One definition of green is simply an energy source that replaces an energy source that pollutes more. Under that umbrella, coal is considerably greener than it was 200 years ago but it would take a big effort in convincing someone that coal should be categorised as being green. Natural gas has replaced coal considerably in the US in the last decade with the effect of the US lowering greenhouse emissions more than most other countries. Natural gas might not be up to the EPA standards of being a Green source of energy but would fit the standard of polluting less than the coal it replaced.

Nuclear in the eye of the beholder

An interesting source of power is nuclear. Many people point out that to date, nuclear has caused less environmental and human harm than any other source of power. The incidents that have happened have been heavily publicised and that the generation of power in itself does not cause any environmental harm – it is just a question of what is done with the waste produced by the generation. But no energy retailer in their right mind would brand their nuclear source of energy as green, especially with environmental activists heavily protesting the transport of the waste around Europe. EDF in the UK branded their low carbon nuclear energy as being Blue energy.

For the energy consumer in an Eastern-European country that got coal-powered energy plants with Soviet-Era technology (instead of Soviet nuclear plant like their neighbouring country), Nuclear energy is green. The layers of coal-dirt from the Soviet era bear witness to how clean the generation of Nuclear Energy is. But trying to tell that to an environmentally conscious Greenpeace member in Germany would result in a branding backslash.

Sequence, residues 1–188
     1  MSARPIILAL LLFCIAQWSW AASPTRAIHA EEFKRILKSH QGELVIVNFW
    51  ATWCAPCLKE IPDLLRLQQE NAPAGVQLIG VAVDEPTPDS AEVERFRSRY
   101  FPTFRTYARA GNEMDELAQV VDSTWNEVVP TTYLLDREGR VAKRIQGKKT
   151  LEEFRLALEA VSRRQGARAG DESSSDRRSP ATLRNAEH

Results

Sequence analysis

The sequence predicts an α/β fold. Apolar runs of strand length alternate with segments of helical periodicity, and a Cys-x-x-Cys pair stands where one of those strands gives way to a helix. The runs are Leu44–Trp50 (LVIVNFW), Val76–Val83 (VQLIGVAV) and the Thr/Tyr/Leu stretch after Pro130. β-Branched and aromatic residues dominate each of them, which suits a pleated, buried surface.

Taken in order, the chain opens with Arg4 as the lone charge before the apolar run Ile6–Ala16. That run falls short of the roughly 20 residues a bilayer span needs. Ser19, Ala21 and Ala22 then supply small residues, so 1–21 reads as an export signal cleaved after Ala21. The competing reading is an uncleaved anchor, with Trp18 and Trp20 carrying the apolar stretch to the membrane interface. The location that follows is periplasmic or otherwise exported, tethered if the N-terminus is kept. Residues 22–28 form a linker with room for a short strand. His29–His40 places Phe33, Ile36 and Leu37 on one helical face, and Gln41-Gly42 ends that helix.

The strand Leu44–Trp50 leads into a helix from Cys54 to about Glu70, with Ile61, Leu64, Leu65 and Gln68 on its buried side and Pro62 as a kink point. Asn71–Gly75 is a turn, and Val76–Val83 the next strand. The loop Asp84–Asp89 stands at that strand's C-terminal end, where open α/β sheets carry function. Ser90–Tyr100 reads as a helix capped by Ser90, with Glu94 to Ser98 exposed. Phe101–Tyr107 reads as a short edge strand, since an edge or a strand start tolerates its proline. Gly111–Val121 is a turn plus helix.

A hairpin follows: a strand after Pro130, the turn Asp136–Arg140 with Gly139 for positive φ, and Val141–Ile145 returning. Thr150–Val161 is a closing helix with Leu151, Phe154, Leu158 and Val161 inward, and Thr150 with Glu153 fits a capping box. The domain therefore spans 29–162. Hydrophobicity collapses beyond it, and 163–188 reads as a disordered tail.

Green is the new brown

The green-electricity claim is tricky. What we have learned from both speakers and guests and nominees for the CHARGE Awards in the last two years is that in order to be able to call themselves Green – brands need to be able to Talk the Talk as well as Walk the Walk. Credible green energy brands need to be green to the core for the consumer to trust them. It has become more valuable than ever to have a strong brand that consumers trust to convey a green-brand message. Green Sources of energy have become something that almost everyone is offering. Building a green energy brand requires more than the source of energy itself. The whole chain of energy marketing needs to deliver a coherent green and sustainable brand communication.

 

 

 

The Decentralisation and democratisation of Energy